Nate McLouth passed his physical on Wednesday and the Nationals formally announced his two-year deal on Thursday, almost a week after he agreed to terms. McLouth, 32, a nine-year veteran and a career .250 hitter with a .334 on-base percentage who spent the past season-plus with the Baltimore Orioles, is expected to serve as the Nationals’ fourth outfielder and primary left-handed bat on the bench. His deal is worth $10.75 million for two years with a $6.5 million club option for 2016. According to a person familiar with the deal, McLouth will be owed $5 million in ’14, $5 million in ’15 and his ’16 option has a $750,000 buyout, so he will guaranteed $10.75 million but the whole deal could be worth as much as $16.5 million.
In order to make room for McLouth on the roster, the Nationals designated outfielder Corey Brown for assignment. Brown, 28, spent the majority of the past three seasons playing at Class AAA Syracuse. Brown, a versatile outfielder who has power, battled injuries and appeared to be out of minor league options. He played in 107 games last season and posted a .254/.326/.473 triple slash line with 19 home runs and 56 RBI, and was called up in September. He had a .888 OPS in 2012 at Syracuse with a 25 home runs and hit 14 home runs the previous season. He is 6 for 40 with two home runs in the majors over three major league stints.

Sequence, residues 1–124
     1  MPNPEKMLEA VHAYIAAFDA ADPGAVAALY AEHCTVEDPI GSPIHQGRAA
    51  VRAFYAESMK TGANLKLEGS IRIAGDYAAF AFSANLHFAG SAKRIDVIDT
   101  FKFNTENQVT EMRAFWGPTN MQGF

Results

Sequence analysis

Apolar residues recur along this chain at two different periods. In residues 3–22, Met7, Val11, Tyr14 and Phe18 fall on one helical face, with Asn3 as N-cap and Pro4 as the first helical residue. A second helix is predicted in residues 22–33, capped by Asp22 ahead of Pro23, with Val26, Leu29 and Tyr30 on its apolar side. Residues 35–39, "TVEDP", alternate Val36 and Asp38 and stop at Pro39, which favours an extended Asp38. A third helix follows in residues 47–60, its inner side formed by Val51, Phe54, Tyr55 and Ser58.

Ideally, Brown would have come to spring training with a chance to compete for the fourth outfielder job, but the Nationals wanted to supplement their bench with more proven and experienced players such as McLouth and Scott Hairston, who was acquired in a trade mid-season last year. The Nationals like Brown and he is popular with teammates, but this may just be a matter of timing. Brown was passed over on major league call-ups because of injuries. And since he has been called up to the majors three times already, didn’t have any more options remaining and the Nationals upgraded their bench beyond him, he was no longer a fit.
Brown is young and has a career .835 OPS and 123 home runs in the minors but struck out at least 130 times each of the past three seasons. If he doesn’t get traded or return to the Nationals on a new deal, he could have a fair number of suitors after his release.